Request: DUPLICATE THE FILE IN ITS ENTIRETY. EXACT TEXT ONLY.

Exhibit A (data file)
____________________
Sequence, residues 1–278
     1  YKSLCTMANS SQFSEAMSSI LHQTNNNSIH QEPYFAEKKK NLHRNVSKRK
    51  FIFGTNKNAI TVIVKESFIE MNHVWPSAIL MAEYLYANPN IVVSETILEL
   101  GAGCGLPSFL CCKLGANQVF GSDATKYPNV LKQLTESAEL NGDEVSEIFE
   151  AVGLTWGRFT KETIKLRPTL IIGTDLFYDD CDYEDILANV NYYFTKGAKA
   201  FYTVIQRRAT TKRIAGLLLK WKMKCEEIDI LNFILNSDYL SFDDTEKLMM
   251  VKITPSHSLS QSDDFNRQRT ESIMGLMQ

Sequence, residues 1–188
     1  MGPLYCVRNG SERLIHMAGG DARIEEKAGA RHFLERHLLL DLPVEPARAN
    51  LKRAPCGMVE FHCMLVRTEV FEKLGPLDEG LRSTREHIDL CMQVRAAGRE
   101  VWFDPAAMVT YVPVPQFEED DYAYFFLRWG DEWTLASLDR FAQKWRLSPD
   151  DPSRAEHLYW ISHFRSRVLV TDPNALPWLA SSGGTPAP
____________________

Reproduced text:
Sequence, residues 1–278
     1  YKSLCTMANS SQFSEAMSSI LHQTNNNSIH QEPYFAEKKK NLHRNVSKRK
    51  FIFGTNKNAI TVIVKESFIE MNHVWPSAIL MAEYLYANPN IVVSETILEL
   101  GAGCGLPSFL CCKLGANQVF GSDATKYPNV LKQLTESAEL NGDEVSEIFE
   151  AVGLTWGRFT KETIKLRPTL IIGTDLFYDD CDYEDILANV NYYFTKGAKA
   201  FYTVIQRRAT TKRIAGLLLK WKMKCEEIDI LNFILNSDYL SFDDTEKLMM
   251  VKITPSHSLS QSDDFNRQRT ESIMGLMQ

Sequence, residues 1–188
     1  MGPLYCVRNG SERLIHMAGG DARIEEKAGA RHFLERHLLL DLPVEPARAN
    51  LKRAPCGMVE FHCMLVRTEV FEKLGPLDEG LRSTREHIDL CMQVRAAGRE
   101  VWFDPAAMVT YVPVPQFEED DYAYFFLRWG DEWTLASLDR FAQKWRLSPD
   151  DPSRAEHLYW ISHFRSRVLV TDPNALPWLA SSGGTPAP